Until somebody decided to shoot up a nightclub in Germany, this was running as front-page news on the BBC’s website:
Fairer pay for women must be backed up by stronger policies at work, according to Facebook’s Sheryl Sandberg.
But the firm’s chief operating officer, in an interview for BBC Radio 4’s Desert Island Discs, said the first step is to “start paying women well”.
She chose Beyonce’s empowering Run The World (Girls) as her first song.
It’s one way to become empowered, I suppose.
She said: “We start telling little girls not to lead at a really young age and we start to tell boys [to] lead at a very young age. That is a mistake.”
We do? Okay, I can probably believe that in some countries with cultures we’re encouraged to embrace that little girls are told not to lead, but in the West? Really? Who is saying this, and where? This is bullshit.
“I believe everyone has inside them the ability to lead…”
Then you’re an idiot. Not everyone is a leader, just as not everyone is a loyal lieutenant, and not everyone is an essential specialist, and not everyone is an equally important plodder. If you’ve not understood this, you’ve not understood leadership at all.
“…and we should let people choose that not based on their gender but on who they are and who they want to be.”
Oh please. We’ve had women leaders since at least Cleopatra. Who, and where, are girls being told they cannot lead because of their gender? All I see on the webpages of major corporations is how important women are and how proud they are to have a load of them in senior positions. The fact we have a female COO carping at us in the national press ought to tell us that this isn’t really a problem. Whereas it is boys that are being failed by schools, more girls than boys are graduating from college and now lead in such fields as law and medicine, and young men are still committing suicide at a far higher rate than women.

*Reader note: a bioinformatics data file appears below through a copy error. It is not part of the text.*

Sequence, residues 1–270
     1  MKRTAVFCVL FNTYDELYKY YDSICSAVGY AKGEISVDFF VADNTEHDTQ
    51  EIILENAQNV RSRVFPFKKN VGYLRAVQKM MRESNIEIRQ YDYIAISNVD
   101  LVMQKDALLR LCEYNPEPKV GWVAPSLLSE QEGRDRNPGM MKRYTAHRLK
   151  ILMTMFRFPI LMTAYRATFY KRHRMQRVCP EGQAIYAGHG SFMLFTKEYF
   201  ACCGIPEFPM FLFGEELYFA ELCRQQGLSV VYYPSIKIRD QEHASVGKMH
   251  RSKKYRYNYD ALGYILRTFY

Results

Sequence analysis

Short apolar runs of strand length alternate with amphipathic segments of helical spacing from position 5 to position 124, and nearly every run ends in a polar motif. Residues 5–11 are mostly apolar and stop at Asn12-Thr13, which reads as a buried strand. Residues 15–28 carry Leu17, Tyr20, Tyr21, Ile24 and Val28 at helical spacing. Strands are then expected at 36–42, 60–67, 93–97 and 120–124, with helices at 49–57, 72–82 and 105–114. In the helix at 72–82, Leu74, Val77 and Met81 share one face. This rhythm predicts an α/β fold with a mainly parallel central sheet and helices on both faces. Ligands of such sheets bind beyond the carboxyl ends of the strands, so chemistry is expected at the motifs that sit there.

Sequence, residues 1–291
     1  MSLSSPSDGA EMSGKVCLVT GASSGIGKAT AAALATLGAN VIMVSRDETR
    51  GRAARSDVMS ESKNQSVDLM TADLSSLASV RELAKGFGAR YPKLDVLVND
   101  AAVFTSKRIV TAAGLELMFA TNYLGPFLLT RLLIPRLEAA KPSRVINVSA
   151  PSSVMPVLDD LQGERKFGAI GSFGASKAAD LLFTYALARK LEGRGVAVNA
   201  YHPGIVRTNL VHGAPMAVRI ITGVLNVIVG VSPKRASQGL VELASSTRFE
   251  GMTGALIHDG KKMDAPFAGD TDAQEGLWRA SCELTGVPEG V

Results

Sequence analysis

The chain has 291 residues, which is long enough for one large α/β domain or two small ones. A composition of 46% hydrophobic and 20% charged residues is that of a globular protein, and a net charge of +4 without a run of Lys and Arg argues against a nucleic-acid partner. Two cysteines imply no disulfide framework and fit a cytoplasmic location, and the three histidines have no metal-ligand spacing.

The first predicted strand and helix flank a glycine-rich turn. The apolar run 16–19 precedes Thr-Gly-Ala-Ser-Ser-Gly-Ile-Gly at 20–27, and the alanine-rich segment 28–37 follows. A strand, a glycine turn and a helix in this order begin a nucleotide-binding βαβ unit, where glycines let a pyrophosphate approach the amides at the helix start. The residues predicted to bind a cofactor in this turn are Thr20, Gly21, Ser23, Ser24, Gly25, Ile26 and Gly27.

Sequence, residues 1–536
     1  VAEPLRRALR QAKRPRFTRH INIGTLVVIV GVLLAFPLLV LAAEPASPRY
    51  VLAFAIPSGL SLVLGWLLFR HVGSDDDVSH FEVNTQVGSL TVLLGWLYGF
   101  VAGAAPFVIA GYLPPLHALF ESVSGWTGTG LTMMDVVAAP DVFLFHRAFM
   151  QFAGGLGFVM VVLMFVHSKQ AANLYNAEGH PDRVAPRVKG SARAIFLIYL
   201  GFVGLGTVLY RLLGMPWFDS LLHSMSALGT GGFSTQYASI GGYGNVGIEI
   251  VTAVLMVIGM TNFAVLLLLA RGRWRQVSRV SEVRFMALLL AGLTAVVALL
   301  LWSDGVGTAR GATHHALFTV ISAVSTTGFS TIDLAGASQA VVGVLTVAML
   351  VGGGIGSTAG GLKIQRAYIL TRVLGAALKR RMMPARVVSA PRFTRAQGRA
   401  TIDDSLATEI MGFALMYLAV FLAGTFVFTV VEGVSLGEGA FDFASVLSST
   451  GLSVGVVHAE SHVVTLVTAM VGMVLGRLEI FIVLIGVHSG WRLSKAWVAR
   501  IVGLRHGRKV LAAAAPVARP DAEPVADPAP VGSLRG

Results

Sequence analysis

Ms Sandberg made headlines in 2013 with her book “Lean in” about female empowerment in the workplace.
It became a worldwide bestseller, but was criticised by some for being elitist and unrealistic for many women not in her privileged position.
You mean not all women agreed, and cat-fighting ensued? I don’t believe it.
In the interview, she also called for more to be done around the gender pay gap between men and women.
The gender pay gap that Christina Hoff Sommers has debunked numerous times as being a complete myth?
Ms Sandberg admitted she had struggled with self-doubt at Harvard
The BBC’s poster-child for female empowerment and leadership wrung her hands in self-doubt while at America’s top university? Did Katherine the Great doubt herself?
…and recognised that women more than men underestimated their own worth, preventing them from putting themselves forward or asking for a pay rise.
A minute ago everyone was capable of leadership, and we need more women in such positions. Now we find they underestimate themselves. Sorry, but I prefer anyone presuming to be my leader to be a little less wet. Attila the Hun is my benchmark.
“We need to start paying women well and we need the public and the corporate policy to get there,” she said.
Says the woman who made over $18m in 2016.
“Certainly, women applying for jobs at the same rate as men, women running for office at the same rate as men, that has got to be part of the answer.”
As Christina Hoff Sommers repeatedly says, there is nothing stopping women going into higher-paid professions such as engineering and computer programming, they simply choose not to. The women who chose to become engineers are absolutely coining it. I can think of two now, one owns half of Melbourne (*waves*) and another spends much of her life flying around on holiday in business-class (*waves again*).
Following the sudden death of her husband Dave Goldberg, Ms Sandberg described herself a “different” person now.
She found him on the floor of a gym with a head injury after he had suffered a heart attack whilst they were on a weekend away.
Okay, I’ll dial it down a notch here. Losing your husband is catastrophic, and I am all too familiar with its effects. That she’s managed to carry on so well afterwards is genuinely worthy of admiration, and she deserves a lot of respect and sympathy over this.
I still hate the BBC, though.